What do you think of my moneysaving plan? opinions please.

edited 30 November -1 at 1:00AM in How much have you saved?
13 replies 2.4K views
BrettMorganxDBrettMorganxD
2K Posts
edited 30 November -1 at 1:00AM in How much have you saved?
I live at home with my dad and my only bill is the food shopping I do every week (this is my way of contributing).

So I plan to live as though I was on JSA. Only drawing out £200 a month to spend (this will just cover food and any odd treat I want) and pretend I don't have the rest and just chook it in a savings account.

This idea is because I really want to save for my own house, and that isn't going to happen without a lot of effort on my part.

Opinions then guys.

P.S After the third attempt, I have finally got this on the right board
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Replies

  • So far I havn't saved anything but hope to have £600 saved on first payday (just started a new job)
  • Also anything left out of the £200 one day before payday will get folded up and put into one of those pots you need to smash in order to get into.

    Planning to keep the pot from 1st january - 31st december then break it and cash in. Or until it gets full whichever comes first
  • Update from me.

    Will have to dip into a tiny amount of the money *sigh* my xbox 360 controller has broken
  • pop_gunpop_gun Forumite
    371 Posts
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    Saving is near impossible unless you have job security. I've been saving for years now but have always have had to use the money I've saved due to losing my job (more often than not, through no fault of my own).
    I'm now starting from scratch and for the first time ever I won't open a seperate saving account, but keep any savings in my current account. That way I won't be as upset as I have been when spending money I had saved.

    The fact you needed to spend some of the money you were saving means you are saving too much of your income. reduce the amount by £50 and see if that works.
  • Doom_and_GloomDoom_and_Gloom Forumite
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    Budgeting as if you are JSA is a really good idea.
    Only thing is that JSA for under 25's is £53.45/week which works out around £230/month and not £200.
    If over 25 it is £67.50/week or £292.50/month.

    If you have £230/month it would be easier for you. Also I wouldn't put the money you don't spend in a pot you have to break. Main reason is if you need to replace something you have to go into your savings instead of breaking the pot! If you just put it in a normal piggy bank kind of thing/envolope etc it is easier to get to if you really need it.
    I am a vegan woman. My OH is a lovely omni guy :D
  • MrsCDMrsCD Forumite
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    You could put some of your savings into an account that lets you draw out when you need it, but also gives you more interest if you don't touch it. This might give you the incentive to think before you spend. But we all have emergencies from time to time, so don't be too hard on yourself.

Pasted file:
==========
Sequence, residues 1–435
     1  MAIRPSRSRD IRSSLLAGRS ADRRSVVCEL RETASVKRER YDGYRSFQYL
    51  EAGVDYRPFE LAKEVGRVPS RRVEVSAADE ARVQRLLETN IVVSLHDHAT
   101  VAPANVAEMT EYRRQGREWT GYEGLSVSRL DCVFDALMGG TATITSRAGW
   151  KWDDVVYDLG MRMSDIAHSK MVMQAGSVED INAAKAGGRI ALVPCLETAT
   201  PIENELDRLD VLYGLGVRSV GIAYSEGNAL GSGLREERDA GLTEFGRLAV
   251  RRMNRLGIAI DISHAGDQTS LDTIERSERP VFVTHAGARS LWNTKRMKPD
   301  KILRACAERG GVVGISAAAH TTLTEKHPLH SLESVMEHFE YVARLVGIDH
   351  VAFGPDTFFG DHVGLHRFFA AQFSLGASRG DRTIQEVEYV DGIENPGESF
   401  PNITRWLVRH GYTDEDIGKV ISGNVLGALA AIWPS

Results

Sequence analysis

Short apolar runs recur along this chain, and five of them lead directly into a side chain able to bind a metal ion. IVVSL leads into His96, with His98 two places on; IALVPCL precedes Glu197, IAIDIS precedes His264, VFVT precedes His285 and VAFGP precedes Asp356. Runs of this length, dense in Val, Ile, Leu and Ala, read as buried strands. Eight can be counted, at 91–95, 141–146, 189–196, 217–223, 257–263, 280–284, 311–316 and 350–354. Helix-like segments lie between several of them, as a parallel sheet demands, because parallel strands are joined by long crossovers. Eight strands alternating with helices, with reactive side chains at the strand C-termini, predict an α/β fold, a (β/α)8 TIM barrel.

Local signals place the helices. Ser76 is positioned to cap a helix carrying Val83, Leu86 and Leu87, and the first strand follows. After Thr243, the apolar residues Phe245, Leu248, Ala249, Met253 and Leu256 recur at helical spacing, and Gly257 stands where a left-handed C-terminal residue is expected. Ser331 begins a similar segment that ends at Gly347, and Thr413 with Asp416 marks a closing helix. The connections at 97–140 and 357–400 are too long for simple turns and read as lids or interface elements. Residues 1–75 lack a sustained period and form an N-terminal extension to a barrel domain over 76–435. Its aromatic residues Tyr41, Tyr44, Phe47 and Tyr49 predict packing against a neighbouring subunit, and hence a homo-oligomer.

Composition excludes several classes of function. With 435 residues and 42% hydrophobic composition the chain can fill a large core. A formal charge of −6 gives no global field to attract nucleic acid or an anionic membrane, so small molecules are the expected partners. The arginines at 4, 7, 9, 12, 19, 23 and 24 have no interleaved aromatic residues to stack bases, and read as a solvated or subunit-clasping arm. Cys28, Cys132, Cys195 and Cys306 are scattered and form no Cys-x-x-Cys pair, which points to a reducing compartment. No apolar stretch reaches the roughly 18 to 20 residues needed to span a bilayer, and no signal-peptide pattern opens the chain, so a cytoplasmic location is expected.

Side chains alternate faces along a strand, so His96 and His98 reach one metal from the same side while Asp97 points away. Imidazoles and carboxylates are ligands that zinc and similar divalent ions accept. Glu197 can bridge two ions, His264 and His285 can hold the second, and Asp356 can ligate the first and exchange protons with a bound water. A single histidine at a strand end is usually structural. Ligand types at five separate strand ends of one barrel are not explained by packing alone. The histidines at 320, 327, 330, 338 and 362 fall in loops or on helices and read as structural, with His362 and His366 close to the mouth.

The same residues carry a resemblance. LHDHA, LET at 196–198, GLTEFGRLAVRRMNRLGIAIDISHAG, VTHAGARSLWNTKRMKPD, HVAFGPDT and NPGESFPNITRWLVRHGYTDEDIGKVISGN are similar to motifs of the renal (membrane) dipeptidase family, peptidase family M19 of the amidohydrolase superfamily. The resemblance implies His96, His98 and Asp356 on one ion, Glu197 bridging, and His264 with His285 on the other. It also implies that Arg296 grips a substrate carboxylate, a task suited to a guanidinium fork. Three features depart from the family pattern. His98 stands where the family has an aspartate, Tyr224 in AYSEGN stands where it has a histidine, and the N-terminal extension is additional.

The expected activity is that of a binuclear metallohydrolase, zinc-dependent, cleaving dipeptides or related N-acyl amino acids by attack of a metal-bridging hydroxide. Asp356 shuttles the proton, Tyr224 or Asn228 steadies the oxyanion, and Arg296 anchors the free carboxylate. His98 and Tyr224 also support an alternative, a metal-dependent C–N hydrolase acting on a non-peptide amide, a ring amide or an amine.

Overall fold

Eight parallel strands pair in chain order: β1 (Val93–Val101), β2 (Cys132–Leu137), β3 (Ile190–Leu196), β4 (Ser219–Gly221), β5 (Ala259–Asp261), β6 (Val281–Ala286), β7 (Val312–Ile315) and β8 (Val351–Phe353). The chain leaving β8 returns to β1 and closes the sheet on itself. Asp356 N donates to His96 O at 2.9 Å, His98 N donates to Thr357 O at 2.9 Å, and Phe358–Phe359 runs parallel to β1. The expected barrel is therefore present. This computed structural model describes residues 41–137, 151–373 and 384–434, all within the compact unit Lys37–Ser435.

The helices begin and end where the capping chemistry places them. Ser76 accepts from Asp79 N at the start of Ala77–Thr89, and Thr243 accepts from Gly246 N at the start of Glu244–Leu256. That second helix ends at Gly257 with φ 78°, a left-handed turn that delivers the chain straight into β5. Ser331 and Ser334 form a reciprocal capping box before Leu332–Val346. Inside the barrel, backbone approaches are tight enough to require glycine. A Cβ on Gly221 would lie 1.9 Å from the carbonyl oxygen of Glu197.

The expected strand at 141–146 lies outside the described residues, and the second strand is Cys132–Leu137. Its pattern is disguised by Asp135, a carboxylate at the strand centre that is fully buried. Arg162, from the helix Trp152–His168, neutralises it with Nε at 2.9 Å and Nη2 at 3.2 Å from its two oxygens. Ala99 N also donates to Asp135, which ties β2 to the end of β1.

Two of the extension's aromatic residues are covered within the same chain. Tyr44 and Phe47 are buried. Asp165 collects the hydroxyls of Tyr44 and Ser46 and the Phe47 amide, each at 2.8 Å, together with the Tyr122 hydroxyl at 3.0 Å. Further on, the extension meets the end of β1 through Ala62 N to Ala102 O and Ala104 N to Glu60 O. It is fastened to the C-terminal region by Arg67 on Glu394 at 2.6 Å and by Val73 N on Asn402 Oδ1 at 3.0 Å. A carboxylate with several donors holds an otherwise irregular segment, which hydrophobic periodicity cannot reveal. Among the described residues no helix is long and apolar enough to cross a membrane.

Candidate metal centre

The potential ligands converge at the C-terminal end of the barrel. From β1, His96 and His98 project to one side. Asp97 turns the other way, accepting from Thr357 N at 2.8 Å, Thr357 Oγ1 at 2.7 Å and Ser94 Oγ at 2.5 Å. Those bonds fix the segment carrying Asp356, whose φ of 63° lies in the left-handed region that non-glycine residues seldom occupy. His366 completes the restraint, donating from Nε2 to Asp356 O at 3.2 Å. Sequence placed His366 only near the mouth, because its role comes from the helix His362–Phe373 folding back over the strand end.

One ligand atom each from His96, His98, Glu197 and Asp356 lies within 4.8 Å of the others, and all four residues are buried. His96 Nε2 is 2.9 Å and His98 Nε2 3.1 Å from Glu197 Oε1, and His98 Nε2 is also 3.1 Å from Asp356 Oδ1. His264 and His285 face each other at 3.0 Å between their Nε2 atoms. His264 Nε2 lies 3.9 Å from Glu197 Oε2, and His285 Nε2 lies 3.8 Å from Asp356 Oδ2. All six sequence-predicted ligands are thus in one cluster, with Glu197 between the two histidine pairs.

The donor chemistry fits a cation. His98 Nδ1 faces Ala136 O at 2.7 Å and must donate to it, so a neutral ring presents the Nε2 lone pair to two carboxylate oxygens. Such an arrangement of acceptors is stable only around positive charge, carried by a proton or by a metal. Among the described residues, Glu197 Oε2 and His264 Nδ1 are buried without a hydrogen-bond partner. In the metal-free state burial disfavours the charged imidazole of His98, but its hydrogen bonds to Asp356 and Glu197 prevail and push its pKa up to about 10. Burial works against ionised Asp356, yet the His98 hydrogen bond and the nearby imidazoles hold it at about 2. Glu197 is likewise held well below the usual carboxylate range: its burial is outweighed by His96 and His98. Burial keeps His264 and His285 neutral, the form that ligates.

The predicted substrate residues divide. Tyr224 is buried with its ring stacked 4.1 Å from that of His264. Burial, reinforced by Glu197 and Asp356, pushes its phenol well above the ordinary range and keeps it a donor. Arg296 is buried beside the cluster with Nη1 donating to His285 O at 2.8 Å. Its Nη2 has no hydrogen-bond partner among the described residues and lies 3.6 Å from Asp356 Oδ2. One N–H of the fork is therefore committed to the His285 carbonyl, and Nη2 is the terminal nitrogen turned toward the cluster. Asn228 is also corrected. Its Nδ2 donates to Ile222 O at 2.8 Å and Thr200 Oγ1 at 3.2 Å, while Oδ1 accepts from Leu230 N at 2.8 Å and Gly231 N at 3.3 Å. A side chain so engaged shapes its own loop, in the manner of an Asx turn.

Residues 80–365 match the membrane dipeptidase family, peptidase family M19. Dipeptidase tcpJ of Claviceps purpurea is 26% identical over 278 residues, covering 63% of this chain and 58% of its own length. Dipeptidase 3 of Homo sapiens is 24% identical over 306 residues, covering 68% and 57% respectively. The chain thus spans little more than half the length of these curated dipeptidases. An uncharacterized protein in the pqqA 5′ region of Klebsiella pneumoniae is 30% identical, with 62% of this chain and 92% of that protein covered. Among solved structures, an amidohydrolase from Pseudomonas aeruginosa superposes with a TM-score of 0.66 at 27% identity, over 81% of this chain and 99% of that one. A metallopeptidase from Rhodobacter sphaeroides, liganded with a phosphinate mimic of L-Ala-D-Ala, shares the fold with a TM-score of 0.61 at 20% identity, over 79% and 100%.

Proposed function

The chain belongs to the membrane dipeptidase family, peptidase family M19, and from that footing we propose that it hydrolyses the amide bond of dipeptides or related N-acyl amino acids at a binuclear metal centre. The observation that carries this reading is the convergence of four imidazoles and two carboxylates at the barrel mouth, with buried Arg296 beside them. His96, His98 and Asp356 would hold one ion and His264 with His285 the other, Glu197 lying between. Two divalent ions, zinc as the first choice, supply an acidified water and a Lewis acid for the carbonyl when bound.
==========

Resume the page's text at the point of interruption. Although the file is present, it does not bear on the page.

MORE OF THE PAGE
Check out all the different types of savings accounts and see which one would work best for you.
    Well done for trying and keep up the good work.
    Every penny adds up. :T
    #8 Saving for Christmas 2021
    Fashion on the ration 2021 ... 66 coupons, used 14 for Coat ...52 left, 1 for 100g acrylic yarn..51 left, 10 for 2 x shorts and 5 for sandals....36 left.
  • Sounds like a great idea! Maybe you can get thrifty with your food shopping and cooking too and it will help! :) Also don't feel obliged to spend £50 a week - anything you save could then be the part that is for the treats. And remember to hold out for a bargain for things like your controller etc.

    If you do all your food shopping using a Nectar credit card and Nectar card your get double points :)
  • i got a buncha cheap cookbooks from the old days, from before there were such things as pre-packaged dinners & convenience foods....

    if only 'collecting cookbooks' actually made one a good cook :(

    cuz WOW!!!! i can feed us something gross & inedible for only pennies a serving!!!!
  • Great idea, but don't beat yourself up if you have to dip in for unexpected bills and make sure that you have the odd treat above and beyond your spending money.... it doesn't have to be big, just enjoyable, or it may be difficult to keep it up... and life IS for living!
  • If you are thinking of getting your own place you need to do some more maths.
    You're only bringing home £800 a month, try working out an annual budget for your mythical home, it may be a shock.
    Not trying to bring you down but the rent/mortgage is only one bill.
    Concerning your attempt to live on JSA money you should also factor in your work expenses (fares,clothing, etc), you seem to have a good attitude, it is hard to be moneywise when young and everyone else is having "fun"
    I can assure you that if you look after your money and have an average career it is possible to retire financially secure in your early fifties.
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